Oracle may own the Java trademark, but VMware is touting its own Spring framework as the best programming model for enterprise Java developers.
"In the innovation of the Java programming model, I think Spring really plays a leading role there," said Rod Johnson, who is senior vice president and general manager of VMware's SpringSource product division, as well as the creator of the first version of Spring.
At least one other company seems to share VMware's enthusiasm, Google has chosen Spring as the preferred programming model for Google App Engine. And at the SpringOne G2X developer conference in Chicago this week, the two companies announced that they have completed a number of integrations between Spring and the Google App Engine and the Google Web Toolkit. Johnson noted that while Google pulled out of the Oracle-controlled JavaOne, it was a major sponsor for the SpringOne conference.
"We talked to our customers, we wanted to learn where the new growth is, where a lot of the new apps are being written, because that is probably where the growth will be for App Engine. And we felt like Spring is a really good platform for those applications," said Brad Abrams, product manager for Google's developer tools division.
Not everyone is so certain that Spring is the future of enterprise Java development. Red Hat, for instance, has questioned the need for the Spring framework at all.
"The latest iteration of Java can offer a simple, standard architecture that can cut development time while offering an open and standard platform making the need for frameworks like Spring unnecessary," wrote Red Hat Senior Director of JBoss Enterprise Middleware Ashesh Badani, in a blog posting last week.
An open-source project, the Spring framework was designed to help developers quickly structure Java programs, especially Web applications, in an architecturally coherent manner. Since its introduction in 2002, it quickly grew to be one of the most widely used Java frameworks. VMware purchased Johnson's company, SpringSource, in 2009.
At the conference this week, VMware and Google, who started working together earlier this year, displayed the first fruits of their partnership.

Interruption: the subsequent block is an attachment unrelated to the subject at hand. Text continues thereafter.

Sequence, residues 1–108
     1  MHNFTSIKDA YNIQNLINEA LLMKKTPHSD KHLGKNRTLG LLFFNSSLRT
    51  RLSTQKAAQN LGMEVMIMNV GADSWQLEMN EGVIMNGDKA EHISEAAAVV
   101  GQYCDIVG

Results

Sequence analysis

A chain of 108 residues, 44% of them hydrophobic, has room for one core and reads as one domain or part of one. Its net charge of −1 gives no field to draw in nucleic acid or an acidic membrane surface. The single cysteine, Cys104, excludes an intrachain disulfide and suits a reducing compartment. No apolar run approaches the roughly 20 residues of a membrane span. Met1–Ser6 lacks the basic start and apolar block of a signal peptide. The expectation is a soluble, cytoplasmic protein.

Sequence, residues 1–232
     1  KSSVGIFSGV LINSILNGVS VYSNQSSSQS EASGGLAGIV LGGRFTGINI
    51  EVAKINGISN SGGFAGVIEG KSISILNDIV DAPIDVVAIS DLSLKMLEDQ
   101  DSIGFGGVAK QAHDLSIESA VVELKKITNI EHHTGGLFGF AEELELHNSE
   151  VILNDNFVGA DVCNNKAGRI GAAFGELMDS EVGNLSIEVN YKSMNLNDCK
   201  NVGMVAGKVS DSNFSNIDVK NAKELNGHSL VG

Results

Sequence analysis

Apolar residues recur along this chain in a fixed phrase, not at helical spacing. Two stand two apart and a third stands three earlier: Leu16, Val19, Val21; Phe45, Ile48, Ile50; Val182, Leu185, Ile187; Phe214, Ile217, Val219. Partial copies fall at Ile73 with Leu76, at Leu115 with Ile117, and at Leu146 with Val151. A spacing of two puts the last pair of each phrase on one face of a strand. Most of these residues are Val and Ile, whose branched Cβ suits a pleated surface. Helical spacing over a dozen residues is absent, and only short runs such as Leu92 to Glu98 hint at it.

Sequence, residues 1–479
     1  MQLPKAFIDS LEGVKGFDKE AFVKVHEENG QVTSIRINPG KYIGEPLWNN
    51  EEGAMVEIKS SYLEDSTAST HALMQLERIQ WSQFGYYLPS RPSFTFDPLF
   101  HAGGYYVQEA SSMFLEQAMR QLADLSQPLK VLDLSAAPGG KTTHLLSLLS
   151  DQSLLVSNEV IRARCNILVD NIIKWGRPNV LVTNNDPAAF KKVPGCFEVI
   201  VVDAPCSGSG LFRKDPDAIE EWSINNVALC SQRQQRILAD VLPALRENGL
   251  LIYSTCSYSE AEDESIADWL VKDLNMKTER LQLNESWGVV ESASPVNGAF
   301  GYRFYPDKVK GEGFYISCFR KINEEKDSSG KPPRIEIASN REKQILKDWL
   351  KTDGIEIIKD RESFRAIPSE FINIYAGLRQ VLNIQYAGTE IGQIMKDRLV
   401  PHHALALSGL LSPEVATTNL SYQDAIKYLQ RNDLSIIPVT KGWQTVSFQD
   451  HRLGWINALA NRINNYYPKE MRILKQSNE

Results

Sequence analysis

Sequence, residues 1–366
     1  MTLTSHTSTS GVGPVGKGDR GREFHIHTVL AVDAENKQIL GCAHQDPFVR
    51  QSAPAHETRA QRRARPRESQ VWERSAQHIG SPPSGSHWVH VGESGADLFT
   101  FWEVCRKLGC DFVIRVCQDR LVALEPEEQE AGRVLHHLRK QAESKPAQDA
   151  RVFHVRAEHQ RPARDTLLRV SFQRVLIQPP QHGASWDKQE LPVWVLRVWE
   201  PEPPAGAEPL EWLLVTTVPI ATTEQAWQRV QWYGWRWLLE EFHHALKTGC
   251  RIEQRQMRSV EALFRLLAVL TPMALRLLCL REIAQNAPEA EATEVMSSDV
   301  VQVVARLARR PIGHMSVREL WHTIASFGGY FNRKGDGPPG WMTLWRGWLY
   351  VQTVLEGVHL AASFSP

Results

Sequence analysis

Within the next two weeks, a plug-in for the SpringSource Tool Suite will be available that will allow developers to deploy their applications to the Google App Engine. The App Engine only uses a subset of the full range of Java APIs (application programming interfaces), and so Google worked to ensure that all those APIs used by Spring are available in the Google App Engine, Abrams said.
Also, the Google Web Toolkit has been integrated with Spring Roo, a tool that generates Spring code that conforms to preset requirements in performance security or other aspects. "Now Roo can generate a rich Internet client application using the Google Web Toolkit," Abrams said. Lastly the, Google Speed Tracer, a performance analyzer found in the Chrome browser, has been bundled into Spring Insight, which is SpringSource Tool Suite's own performance analyzer.
While VMware touts Spring chiefly as a development component for cloud-based applications, Johnson noted that it has achieved popularity as an alternative to Java Enterprise Edition's EJB (Enterprise Java Beans) for enterprise application development. The company claims that 2.5 million developers use the Spring framework.
"The open-source community in general has taken the baton from the Oracle technologists. Spring overtook EJB several years ago and continues to pull ahead," Johnson said.
Red Hat engineers, however, have argued that the latest version of Java Enterprise Edition, JEE 6, eliminates the need for frameworks such as Spring. In particular, it features the inclusion of JSR (Java Specification Requests) 299, a specification that covers how to handle dependency injection, a set of much-needed procedures that allow software components to interact. One of Spring's chief features is that it handles context and dependency injection.
To boost his argument in his blog post, Badani pointed to a write-up from fellow Red Hat employee, and JBoss core developer, Lincoln Baxter, which discussed the process of migrating an application from Spring to Java EE 6.
"It's no secret that the Spring Framework cropped up as a lightweight alternative and abstraction to programming for Java EE because the perception was that Java EE had become cumbersome and overly complex," Baxter wrote. "When it comes right down to it, using Java EE can be even simpler than using Spring, and take much less time. You just have to find the right guides and the right documentation."
Johnson admitted that Java EE 6 has borrowed some ideas from Spring, and, in general, is easier to use than the previous versions, whose complexities may have driven developers to Spring. But Java EE 6 still doesn't have the full range of features that Spring does, such as a full-fledged Web framework and productivity boosters like Roo.
Nor is it widely implemented across application servers, Johnson argued. While the next version of the Red Hat JBoss application server will support Java EE 6, IBM's Websphere does not support it, and the open-source Tomcat server only supports a subset of Java EE 6 functionality.
"I don't think comparing Java EE and the Spring programming models is an apples-to-apples comparison, and, secondly, Java EE as an alternative to Spring is just not viable in the vast majority of production deployments today," Johnson said.